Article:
And this brings us to the next issue: Izmud claims that it is a measure of the late Pope’s failure as a leader that the church lost “10-15,000 per month worldwide." First of all, this number is disputable, even if it did come from the Vatican. There is at least circumstantial evidence that it doesn't capture the whole picture. PJP II's part of the visible church may have lost absolute numbers, at least in the developed world, but he held fast to the essence of what it is to be a Catholic. I will be optimistic for a moment and assume that some of those 10-15,000 sought out a purer relationship with Christ and became Protestants. This was probably the case in the US. In Europe, sadly, those that fell away were probably lost altogether. But again, this is not all bad: the church has been tested by the spirit of the age like a military unit is tested in combat. Some fell in the battle. Many more deserted, but they were the weakest soldiers anyway. Those that remained were tested and proven--the Old Guard; the Grognards.

There’s a further issue here: is popularity (and the concomitant rise in supporters and poll numbers) really the best measure of leadership? If so, then this guy was the greatest leader of modern times:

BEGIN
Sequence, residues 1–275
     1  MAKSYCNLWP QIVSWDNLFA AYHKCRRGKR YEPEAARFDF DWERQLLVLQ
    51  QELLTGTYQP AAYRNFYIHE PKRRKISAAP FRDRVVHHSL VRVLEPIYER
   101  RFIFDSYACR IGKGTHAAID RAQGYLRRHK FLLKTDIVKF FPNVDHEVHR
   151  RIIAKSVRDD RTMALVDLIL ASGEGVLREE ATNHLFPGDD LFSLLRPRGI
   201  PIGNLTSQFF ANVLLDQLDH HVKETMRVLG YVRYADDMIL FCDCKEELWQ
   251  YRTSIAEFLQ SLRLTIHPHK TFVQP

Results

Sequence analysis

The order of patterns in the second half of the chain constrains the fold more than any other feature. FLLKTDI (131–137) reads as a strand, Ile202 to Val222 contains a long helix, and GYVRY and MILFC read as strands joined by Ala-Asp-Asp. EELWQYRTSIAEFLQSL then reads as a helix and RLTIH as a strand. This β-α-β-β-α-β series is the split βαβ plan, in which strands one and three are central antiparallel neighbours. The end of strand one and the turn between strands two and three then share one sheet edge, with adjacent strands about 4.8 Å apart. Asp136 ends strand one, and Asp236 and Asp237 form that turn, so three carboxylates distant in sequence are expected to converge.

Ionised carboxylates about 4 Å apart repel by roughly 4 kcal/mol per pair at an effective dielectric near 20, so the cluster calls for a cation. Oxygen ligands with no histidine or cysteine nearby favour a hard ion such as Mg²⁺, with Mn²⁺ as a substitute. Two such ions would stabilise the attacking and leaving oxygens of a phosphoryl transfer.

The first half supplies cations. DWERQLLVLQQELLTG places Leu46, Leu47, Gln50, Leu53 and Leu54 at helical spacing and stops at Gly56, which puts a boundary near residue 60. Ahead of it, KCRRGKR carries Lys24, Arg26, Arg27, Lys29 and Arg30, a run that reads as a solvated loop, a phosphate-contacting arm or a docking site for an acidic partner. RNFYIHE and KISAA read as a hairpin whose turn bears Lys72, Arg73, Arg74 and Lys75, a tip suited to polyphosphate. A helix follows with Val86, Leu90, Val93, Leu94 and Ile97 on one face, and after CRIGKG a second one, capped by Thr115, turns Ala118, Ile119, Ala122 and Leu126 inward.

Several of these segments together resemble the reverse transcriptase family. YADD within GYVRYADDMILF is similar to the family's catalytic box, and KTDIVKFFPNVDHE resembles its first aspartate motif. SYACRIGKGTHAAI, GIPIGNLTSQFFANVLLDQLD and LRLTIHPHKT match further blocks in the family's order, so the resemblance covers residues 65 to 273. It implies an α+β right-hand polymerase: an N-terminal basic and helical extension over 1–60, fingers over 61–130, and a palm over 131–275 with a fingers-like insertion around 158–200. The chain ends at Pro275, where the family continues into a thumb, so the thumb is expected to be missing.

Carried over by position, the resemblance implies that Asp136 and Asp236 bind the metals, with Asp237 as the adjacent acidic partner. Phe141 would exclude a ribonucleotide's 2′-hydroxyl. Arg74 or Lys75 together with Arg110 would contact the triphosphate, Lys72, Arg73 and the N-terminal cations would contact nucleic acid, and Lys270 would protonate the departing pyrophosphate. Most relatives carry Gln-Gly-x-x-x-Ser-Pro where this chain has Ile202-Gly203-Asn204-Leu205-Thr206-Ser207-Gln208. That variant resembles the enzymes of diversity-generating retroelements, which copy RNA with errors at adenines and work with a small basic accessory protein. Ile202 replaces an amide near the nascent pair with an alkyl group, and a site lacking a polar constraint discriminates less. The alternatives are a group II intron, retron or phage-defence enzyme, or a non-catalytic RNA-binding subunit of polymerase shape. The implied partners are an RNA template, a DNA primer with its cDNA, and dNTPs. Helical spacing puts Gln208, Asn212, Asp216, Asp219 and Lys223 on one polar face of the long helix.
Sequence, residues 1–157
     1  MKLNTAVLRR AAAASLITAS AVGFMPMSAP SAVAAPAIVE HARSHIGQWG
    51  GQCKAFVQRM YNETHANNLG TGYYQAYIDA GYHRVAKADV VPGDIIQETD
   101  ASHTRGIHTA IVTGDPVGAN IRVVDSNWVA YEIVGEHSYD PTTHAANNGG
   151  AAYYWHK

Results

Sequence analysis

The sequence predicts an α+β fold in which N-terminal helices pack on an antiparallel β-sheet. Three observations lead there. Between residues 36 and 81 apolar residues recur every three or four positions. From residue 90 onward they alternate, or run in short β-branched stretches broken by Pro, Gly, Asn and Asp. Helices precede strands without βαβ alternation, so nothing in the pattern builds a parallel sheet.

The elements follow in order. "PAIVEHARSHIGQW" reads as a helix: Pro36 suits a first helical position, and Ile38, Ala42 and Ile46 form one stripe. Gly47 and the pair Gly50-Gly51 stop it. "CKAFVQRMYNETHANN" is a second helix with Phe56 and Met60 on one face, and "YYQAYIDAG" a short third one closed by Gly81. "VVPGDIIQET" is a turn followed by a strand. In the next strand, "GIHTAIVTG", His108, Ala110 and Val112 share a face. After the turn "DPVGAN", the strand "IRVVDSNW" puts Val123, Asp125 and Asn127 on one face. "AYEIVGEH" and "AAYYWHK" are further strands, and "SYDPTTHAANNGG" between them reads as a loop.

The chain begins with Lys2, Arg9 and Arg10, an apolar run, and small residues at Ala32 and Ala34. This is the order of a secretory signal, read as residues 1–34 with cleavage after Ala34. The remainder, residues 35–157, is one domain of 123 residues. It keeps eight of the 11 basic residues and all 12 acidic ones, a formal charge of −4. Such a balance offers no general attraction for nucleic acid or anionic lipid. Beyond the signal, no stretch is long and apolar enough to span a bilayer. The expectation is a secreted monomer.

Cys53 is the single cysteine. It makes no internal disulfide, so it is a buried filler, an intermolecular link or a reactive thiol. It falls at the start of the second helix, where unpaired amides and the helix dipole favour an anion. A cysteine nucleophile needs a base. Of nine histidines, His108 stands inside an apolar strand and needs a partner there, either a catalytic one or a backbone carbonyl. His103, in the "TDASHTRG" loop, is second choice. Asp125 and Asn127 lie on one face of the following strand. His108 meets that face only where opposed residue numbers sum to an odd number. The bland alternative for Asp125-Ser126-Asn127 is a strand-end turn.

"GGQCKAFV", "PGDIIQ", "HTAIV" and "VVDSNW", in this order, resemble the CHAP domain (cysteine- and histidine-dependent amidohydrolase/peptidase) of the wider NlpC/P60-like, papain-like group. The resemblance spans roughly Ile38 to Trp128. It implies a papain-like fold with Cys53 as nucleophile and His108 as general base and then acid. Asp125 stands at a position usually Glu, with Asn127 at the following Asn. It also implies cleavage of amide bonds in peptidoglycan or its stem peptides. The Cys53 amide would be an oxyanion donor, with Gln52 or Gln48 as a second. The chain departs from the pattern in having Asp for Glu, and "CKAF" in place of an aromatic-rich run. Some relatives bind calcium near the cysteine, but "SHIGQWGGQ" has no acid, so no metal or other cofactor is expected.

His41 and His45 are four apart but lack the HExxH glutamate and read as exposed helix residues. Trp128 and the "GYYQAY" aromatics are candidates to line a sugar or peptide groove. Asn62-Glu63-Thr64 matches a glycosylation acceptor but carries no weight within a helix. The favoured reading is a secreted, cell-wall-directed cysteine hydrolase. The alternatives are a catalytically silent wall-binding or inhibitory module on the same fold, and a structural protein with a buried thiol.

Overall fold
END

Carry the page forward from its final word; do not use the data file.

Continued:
Despite his many and manifest transgressions, he could milk a poll or a constituency for all they were worth. Conversely, this guy

Was defeated in popular election by a moral and intellectual homunculus who Churchill rightly summed up as, “a modest man, who has much to be modest about.”**

Likewise, this guy

Was popularly elected (in fact, this is a campaign poster--creepy, no?), while this guy,

though also popularly elected, was so by a much smaller proportion of his nation's population than Hitler was in '33, and was widely reviled even by portions of the press that supported "his" war.

No, the real test of greatness in my mind is moral leadership: Is the leader willing to follow the right course, and guide those who will follow, regardless of what this does to his poll numbers? Note here that I say "moral" leadership--this presupposes that there is a "right course," according to some objective, absolute standard. There is no thought of ethical relativistic equivalency here--Hitler, after all, believed in his own carpet-chewing way that he was following the right path. John Paul II was following where God led him and was leading those who would follow down that path. This meant some would fall away, loving the world more than the Word--sad, but inevitable; one of the prices those who lead in God's paths must pay. The Grognards stayed with him, and eventually he began to attract others who bacame serious about growing in their faith.